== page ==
3 Ways to Better Bunker Shots on the Golf Course – Precision Pro Golf
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3 Ways to Better Bunker Shots on the Golf Course

It looks so easy right? You see a pro playing golf on TV and he hops in the sand, takes an effortless swing, and hits his bunker shot 2 feet from the hole. You think to yourself “I should be able to do that”. You then proceed to step in the sand, take a violent lash at the ball, and watch it stay in the bunker or even worse, fly across the green at 100 mph right past your friends head. So what gives? Why aren’t you hitting those nice sand shots right by the hole? The answer is you need a slight adjustment in the way you approach the shot. Bunker shots can intimidating but they don’t have to be. Here are 3 simple tips you can use to hit better shots from the sand:

Check Your Ball Position

  Most of us know that when hitting a greenside bunker shot you hit the sand first, which in turn moves the ball out of the bunker. The distance you hit behind the ball is debatable but anywhere from 2-5 inches depending on the player and type of sand will work. In order to achieve this, the ball must be correctly positioned in relation to your body. The proper ball position for a bunker shot is even with the left (forward) arm pit. This allows the club head to enter the sand just before the bottom of the swing. This will result in the club hitting slightly behind the ball and solid bunker shots. If the golf ball is positioned too far back in the stance the club will tend to dig into the sand. If the golf ball is positioned too far forward the will be coming up and it will be easy to hit behind the ball of catch it very thin. Put down an alignment stick or club to make sure your ball is positioned even with the left arm pit.

Don’t Make the Sand the Target

  The biggest phobia in the sand for most golfers is the fear of sculling the shot and seeing it fly across the green. Because of this fear, golfers make hitting the sand their only goal. This usually results in the club digging into the sand and inconsistent shots. When hitting a bunker shot the target is the where you’re trying to hit the ball, not the sand. Take practice swings and feel the golf club swinging through the sand and through to the target. You’ll find when doing this the golf club thumps the sand instead of digging. This swinging through the shot and the thump are what produce solid bunker shots.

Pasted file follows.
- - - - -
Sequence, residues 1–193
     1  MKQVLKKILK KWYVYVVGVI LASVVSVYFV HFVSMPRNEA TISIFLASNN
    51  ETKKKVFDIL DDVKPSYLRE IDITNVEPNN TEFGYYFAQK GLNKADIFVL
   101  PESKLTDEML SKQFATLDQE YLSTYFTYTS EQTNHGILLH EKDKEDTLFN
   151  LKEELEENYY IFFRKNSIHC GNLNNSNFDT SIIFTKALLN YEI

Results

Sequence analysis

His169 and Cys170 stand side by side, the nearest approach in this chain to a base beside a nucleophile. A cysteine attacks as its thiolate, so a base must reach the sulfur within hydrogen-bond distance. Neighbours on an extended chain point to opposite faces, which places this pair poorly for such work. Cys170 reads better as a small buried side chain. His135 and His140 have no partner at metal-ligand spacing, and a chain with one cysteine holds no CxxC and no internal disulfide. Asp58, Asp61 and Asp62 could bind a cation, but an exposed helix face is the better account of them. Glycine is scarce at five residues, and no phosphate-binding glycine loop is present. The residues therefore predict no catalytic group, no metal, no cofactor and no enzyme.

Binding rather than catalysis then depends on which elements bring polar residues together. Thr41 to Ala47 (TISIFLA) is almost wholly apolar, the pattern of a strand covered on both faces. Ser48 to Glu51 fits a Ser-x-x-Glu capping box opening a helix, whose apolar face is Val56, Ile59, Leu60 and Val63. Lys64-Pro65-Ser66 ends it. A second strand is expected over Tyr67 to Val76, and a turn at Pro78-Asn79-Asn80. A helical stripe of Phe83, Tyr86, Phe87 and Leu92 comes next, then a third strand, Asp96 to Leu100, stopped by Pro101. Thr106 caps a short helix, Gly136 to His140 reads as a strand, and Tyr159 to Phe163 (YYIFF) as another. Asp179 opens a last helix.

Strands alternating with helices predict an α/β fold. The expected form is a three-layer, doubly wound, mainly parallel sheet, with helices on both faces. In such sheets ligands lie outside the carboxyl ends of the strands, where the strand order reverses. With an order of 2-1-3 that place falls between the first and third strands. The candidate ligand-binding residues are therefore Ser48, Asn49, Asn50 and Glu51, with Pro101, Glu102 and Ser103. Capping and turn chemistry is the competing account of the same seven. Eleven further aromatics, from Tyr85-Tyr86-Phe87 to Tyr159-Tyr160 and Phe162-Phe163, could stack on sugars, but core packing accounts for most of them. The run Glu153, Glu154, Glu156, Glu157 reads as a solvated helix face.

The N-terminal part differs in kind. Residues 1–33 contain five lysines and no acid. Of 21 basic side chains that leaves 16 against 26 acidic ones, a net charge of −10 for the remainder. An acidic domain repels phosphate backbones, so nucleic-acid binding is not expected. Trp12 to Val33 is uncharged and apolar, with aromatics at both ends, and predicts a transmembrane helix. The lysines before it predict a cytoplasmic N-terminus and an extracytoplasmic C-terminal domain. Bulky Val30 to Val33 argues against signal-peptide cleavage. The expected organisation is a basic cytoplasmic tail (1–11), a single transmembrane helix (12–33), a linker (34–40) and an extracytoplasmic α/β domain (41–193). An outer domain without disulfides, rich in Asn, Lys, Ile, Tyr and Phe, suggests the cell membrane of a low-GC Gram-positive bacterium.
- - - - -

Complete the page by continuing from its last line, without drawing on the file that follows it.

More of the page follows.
Make a Big Enough Swing

  For the most part the bunker shot is the only shot where the golf club doesn’t make contact with the ball. The club hits the sand and the sand in turn moves the ball out of the bunker. Because of this the energy transferred to the golf ball is reduced. Simply said, a bunker shot will not go as far as a regular shot because of the sand. To account for this you have to make a bigger swing in the sand. This should be common sense but many golfers make small swings and expect good results with their bunker shots. Watch any professional golfer on TV and you’ll see them take a much larger than normal swing for even a short bunker shot. Take some practice swings in the sand and feel the bigger golf swing and feel the club finishing through the swing. This extra speed you create with a bigger swing will easily move the ball out of the bunker and onto the green. So to recap, if you want to hit better bunker shots check your ball position, don’t make the sand the target, and make a bigger swing. Do these things and you will have more success in the sand.     Clay Hood is PGA Golf Professional and Co-Founder/Marketing Director for Precision Pro Golf. Clay can be reached at clay@precisionprogolf.com.
Golf Tips Sand Shots Short Game

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Comments


  • Clay
    I have been taught to setup the sand shot as per your instruction but I open the face on my sand wedge in order to hit short sand shots and close it for longer sand shots.
    I just returned from playing in Florida all winter and had success using this method.
    Am I doing this wrong as per your video?
    Bob

    Bob on
  • Looking forward to the putting lesson

    Joe Horchak on
  • Bob, nothing wrong with that if it works for you. The one thing about closing the clubface for a bunker shot is that it takes the bounce off the club. This can cause the club to dig, which is not great in the sand. If the closed faced technique works for you, I would say go with it. If you find yourself starting to dig the club in the sand too much however, this could be the cause. Thanks!

    Clay Hood on
  • Joe, we’ll several putting articles out in the next week or so. Thanks!

    Clay Hood on

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